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Speed, accuracy, and confidence in Google, Ovid, PubMed, and UpToDate: results of a randomised trial
  1. Robert H Thiele1,
  2. Nathan C Poiro2,
  3. David C Scalzo1,
  4. Edward C Nemergut3
  1. 1Department of Anaesthesiology, University of Virginia Health System, Charlottesville, Virginia, USA
  2. 2University of Virginia School of Medicine, University of Virginia Health System, Charlottesville, Virginia, USA
  3. 3Departments of Anesthesiology and Neurological Surgery, University of Virginia Health System, Charlottesville, Virginia, USA
  1. Correspondence to Robert H Thiele, Department of Anesthesiology, University of Virginia Health System, PO Box 800710, Charlottesville, VA 22908, USA; rht7w{at}


Background The explosion of biomedical information has led to an ‘information paradox’—the volume of biomedical information available has made it increasingly difficult to find relevant information when needed. It is thus increasingly critical for physicians to acquire a working knowledge of biomedical informatics.

Aim To evaluate four search tools commonly used to answer clinical questions, in terms of accuracy, speed, and user confidence.

Methods From December 2008 to June 2009, medical students, resident physicians, and attending physicians at the authors' institution were asked to answer a set of four anaesthesia and/or critical care based clinical questions, within 5 min, using Google, Ovid, PubMed, or UpToDate (only one search tool per question). At the end of each search, participants rated their results on a four point confidence scale. One to 3 weeks after answering the initial four questions, users were randomised to one of the four search tools, and asked to answer eight questions, four of which were repeated. The primary outcome was defined as a correct answer with the highest level of confidence.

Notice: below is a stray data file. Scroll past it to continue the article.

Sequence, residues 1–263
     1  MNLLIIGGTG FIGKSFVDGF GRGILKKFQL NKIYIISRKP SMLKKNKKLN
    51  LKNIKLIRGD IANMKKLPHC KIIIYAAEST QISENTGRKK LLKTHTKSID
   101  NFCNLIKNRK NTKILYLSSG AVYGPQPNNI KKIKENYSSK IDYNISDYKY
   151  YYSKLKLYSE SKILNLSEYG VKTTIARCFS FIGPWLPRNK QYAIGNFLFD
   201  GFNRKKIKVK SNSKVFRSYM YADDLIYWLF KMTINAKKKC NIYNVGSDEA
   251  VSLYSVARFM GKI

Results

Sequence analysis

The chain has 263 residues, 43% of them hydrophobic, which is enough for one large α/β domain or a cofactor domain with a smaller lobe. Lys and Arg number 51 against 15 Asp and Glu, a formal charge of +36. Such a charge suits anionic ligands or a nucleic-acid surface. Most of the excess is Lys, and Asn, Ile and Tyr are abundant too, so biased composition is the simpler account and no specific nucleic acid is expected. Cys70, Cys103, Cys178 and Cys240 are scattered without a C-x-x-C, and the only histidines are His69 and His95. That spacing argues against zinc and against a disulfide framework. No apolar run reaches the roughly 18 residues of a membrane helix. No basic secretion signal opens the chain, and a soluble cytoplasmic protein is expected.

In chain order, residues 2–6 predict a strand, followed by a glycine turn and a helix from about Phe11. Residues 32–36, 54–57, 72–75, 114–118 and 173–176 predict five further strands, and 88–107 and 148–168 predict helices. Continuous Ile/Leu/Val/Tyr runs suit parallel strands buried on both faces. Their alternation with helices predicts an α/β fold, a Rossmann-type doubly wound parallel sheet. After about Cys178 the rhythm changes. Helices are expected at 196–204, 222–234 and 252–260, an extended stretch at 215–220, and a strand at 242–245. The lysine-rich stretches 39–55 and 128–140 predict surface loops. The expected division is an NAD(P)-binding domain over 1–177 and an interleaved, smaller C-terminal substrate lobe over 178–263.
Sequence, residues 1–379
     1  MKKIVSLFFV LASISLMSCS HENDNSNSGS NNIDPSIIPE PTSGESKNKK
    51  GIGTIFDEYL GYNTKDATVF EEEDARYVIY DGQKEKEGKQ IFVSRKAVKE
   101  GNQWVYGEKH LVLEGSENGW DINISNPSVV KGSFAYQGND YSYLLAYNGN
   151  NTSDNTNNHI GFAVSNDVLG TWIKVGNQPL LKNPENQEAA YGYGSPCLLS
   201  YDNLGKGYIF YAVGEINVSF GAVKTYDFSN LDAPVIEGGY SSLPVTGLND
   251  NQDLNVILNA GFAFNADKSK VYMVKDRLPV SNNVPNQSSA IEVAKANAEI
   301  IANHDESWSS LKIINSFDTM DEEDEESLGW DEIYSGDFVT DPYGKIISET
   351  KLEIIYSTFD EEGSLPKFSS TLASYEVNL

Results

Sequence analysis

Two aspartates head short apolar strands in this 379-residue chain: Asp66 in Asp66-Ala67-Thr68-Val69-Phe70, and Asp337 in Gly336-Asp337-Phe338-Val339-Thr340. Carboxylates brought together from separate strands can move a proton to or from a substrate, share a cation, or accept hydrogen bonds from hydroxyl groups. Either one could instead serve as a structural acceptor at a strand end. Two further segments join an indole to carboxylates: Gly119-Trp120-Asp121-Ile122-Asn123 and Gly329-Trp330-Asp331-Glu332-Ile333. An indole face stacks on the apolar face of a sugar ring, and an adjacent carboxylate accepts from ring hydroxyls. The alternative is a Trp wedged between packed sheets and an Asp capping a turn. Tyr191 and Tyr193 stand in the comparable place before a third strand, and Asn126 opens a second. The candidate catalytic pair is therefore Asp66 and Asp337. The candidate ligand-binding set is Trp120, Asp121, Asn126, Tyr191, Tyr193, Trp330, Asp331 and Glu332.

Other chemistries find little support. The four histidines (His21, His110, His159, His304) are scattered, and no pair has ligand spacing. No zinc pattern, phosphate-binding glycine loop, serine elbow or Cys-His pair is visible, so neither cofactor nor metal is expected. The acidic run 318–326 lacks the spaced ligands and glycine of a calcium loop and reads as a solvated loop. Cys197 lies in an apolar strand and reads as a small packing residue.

Results Google was the most popular search tool. Users of Google and UpToDate were more likely than users of PubMed to answer questions correctly. Subjects had the most confidence in UpToDate. Searches with Google and UpToDate were faster than searches with PubMed or Ovid.

Conclusion Non-Medline based search tools are not inferior to Medline based search tools for purposes of answering evidence based anaesthesia and critical care questions.

  • Information science (MeSH tree number L01)
  • education
  • medical (I02.358.399)
  • search engine (L01.470.875)
  • internet (L01.
  • anaesthetics
  • biotechnology and bioinformatics
  • information technology
  • world wide web technology
  • medical education and training

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  • Funding Department of Anesthesiology, University of Virginia, PO Box 800710, Charlottesville, VA 22908-0710.

  • Competing interests None.

  • Ethics approval This study was conducted with the approval of the Institutional Review Board.

  • Provenance and peer review Not commissioned; externally peer reviewed.